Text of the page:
IETF-118 QUIC WG meeting

Tuesday, March 19, 2024

Scribe: David Schinazi, note-taking enthusiast

Chair Updates

qlog (Robin Marx)

Ted Hardie: Please email moq-chairs@ietf.org with what extension points you'd like.

Robin Marx: will do.

Lucas Pardue (as individual): We'd love to hear more from moq but overall we think the extensibility story is good enough and we can proceed even though moq isn't done

Robin: agree

Multipath QUIC (Yanmei Lui, Mirja Kühlewind)

Kazuho Oku: This introduces a cost that I don't love but I'm ok with it. Plz merge

Alessandro Ghedine: Plz merge

Jana Iyengar: I haven't read the PR, but I like it

Magnuz Westerlund: Support merge

Christian Huitema: I didn't like this at first but now I do. Let's merge

Show of hands tool: should we merge the PR?
23 Yes, 3 No, 3 No Opinion

Lucas Pardue (as chair): plan to move forward with merge unless we see objections on list

Kazuho: propose to use static path IDs, see issue 321 opened yesterday

Mirja: let's discuss on issue

Issue 47: server-created paths

Kazuho: how critical is this?

Mirja: we've seen implementers get this wrong - this simplifies

Kazuho: what about server opening new paths?

Mirja: yes

Kazuho: propose to either not do this or punt

Mirja: it's not that much complexity

Christian: we need to do the odd/even split now because that can't be added as extension later. Potential compromise would be to only use even numbers for client for now, and reserve odd to do server-initiated later

Mirja: Love it, plz write PR

Christian: I've written it down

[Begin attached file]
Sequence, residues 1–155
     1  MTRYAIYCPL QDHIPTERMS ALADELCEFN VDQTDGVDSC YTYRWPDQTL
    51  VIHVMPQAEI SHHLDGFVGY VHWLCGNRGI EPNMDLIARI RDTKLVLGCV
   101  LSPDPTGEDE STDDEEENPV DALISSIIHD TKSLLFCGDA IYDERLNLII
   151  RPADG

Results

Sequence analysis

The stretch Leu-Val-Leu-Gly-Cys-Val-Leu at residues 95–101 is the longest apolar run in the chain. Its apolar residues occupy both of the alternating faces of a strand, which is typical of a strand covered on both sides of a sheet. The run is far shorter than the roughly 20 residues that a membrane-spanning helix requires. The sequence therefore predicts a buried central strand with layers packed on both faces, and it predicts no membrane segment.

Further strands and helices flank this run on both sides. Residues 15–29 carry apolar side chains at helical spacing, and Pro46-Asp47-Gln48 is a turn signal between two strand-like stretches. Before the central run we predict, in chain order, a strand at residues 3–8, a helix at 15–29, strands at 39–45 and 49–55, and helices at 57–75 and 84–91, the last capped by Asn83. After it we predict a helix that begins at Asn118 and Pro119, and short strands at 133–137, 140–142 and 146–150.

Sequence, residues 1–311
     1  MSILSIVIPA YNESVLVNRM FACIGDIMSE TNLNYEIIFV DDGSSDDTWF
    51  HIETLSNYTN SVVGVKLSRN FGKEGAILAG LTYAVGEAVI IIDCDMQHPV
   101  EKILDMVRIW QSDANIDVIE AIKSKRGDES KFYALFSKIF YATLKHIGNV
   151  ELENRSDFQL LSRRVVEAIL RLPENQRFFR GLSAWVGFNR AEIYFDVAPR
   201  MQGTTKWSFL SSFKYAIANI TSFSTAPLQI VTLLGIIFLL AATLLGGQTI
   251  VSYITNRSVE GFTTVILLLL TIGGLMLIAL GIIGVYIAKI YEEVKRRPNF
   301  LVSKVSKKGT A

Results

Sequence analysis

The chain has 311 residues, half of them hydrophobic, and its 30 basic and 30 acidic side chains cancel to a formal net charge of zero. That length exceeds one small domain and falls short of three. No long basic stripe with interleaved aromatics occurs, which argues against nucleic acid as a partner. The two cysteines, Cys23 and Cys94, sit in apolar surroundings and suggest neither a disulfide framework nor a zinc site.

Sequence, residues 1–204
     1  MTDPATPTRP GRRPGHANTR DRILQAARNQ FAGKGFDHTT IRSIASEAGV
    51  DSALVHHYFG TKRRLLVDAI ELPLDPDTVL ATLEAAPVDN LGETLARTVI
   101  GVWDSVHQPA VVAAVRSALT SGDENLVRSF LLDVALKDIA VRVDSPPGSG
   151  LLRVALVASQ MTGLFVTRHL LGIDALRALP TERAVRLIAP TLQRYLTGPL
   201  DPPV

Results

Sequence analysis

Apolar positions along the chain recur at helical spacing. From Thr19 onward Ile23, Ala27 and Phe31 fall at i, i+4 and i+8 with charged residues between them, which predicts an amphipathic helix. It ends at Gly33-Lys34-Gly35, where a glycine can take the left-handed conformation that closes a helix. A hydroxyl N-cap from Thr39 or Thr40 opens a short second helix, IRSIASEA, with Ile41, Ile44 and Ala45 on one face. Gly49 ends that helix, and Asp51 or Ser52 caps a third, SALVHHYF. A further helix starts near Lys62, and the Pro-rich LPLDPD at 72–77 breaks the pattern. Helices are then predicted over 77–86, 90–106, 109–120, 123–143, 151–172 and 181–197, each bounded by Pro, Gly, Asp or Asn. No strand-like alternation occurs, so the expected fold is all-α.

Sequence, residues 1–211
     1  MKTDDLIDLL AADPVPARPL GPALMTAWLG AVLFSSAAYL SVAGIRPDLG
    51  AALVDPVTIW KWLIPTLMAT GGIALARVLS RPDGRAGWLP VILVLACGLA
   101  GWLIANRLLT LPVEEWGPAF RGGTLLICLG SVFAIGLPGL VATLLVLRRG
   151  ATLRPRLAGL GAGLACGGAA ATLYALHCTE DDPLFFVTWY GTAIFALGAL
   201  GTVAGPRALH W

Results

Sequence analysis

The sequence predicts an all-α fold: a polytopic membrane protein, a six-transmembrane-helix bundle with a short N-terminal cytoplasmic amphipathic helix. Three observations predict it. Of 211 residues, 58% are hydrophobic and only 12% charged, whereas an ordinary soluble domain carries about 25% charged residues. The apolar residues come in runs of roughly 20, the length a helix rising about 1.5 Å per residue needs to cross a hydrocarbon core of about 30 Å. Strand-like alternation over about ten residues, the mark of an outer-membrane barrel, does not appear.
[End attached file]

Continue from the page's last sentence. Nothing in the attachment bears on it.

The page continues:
Magnus: MPTCP has this, we should have it to allow replacing MPTCP with MPQUIC. 3GPP likes MPTCP. This is also useful for P2P

Mirja: could we instead have server ask client to open path

Magnus: yes but would cause latency impact

Lucas (IC): +1 to Christian's compromise

Lucas (chair): support in chat for compromise

Mirja: we can punt for now and can always add later

Marten Seeman: this could be interesting for my NAT traversal proposal, I need to think about it

Ian Swett: We should do this, I have multiple use cases

Christian: Let's definitely put the even/odd split in the draft and go from there

Lucas (chair): Let's see a PR

Mirja: will do

Issue 295/313 retire CID on all paths
Christian: from implementation experience, explicit is better

Marten: prefer implicit

MT: are other resources cleaned up at the same time?

Mirja: yes, packet number space

MT: great, drop it all

Magnus: fine with implicit

Ack Frequency (Mirja Kühlewind)

Issue 235

Jonathan Lennox: Instead of only looking at CE vs non-CE, should we look at any ECN change to detect bleaching?

Mirja: You want to know as early as possible

Lucas (as error code enthusiast): this doesn't really matter

Ian Swett: huge thanks to Mirja for doing all of this work, really improved the draft

Matt Joras: we will soon start the WGLLC (last last call)

Resource exhaustion attacks on QUIC (Marten Seeman)

Martin Duke: this was already discussed in issue 3905

https://github.com/quicwg/base-drafts/issues/3509
We added SHOULDs and MAYs so maybe that's good enough?

Marten: we should provide guidance

Alessandro: this keeps happening, we'll have to keep updating RFCs all the time

Eric Kinnear: links are asymmetric, the congestion control situation here does happen in practice

David Schinazi: many things can cause this, suggest writing down guidance about never letting your stack buffer infinitely - this isn't specific to QUIC for that matter